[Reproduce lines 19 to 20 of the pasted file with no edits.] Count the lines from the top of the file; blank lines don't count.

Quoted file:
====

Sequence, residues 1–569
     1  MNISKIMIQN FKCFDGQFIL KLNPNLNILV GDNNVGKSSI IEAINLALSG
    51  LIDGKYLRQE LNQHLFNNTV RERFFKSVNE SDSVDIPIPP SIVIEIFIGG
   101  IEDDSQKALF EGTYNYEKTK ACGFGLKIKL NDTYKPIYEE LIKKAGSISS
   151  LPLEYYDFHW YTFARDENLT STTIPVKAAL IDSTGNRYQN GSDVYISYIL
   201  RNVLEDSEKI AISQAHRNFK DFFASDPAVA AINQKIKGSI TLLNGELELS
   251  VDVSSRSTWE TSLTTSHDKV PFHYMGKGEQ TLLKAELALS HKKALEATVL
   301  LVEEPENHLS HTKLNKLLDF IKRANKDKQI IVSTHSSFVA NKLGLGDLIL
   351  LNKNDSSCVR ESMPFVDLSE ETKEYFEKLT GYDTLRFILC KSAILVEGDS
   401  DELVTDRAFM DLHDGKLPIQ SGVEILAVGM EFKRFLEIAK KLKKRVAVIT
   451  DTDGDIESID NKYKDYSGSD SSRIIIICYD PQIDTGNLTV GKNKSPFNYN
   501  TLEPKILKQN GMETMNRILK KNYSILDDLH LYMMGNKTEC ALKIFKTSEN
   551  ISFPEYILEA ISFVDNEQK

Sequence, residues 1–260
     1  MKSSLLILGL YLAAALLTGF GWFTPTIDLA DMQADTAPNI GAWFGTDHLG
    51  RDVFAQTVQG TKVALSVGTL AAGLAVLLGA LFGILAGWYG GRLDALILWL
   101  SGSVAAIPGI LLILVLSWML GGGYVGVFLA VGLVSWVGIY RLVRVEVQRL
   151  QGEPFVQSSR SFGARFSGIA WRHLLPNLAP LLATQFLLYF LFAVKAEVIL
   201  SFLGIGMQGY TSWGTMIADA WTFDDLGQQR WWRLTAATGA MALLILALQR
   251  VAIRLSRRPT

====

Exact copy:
   201  SFLGIGMQGY TSWGTMIADA WTFDDLGQQR WWRLTAATGA MALLILALQR
   251  VAIRLSRRPT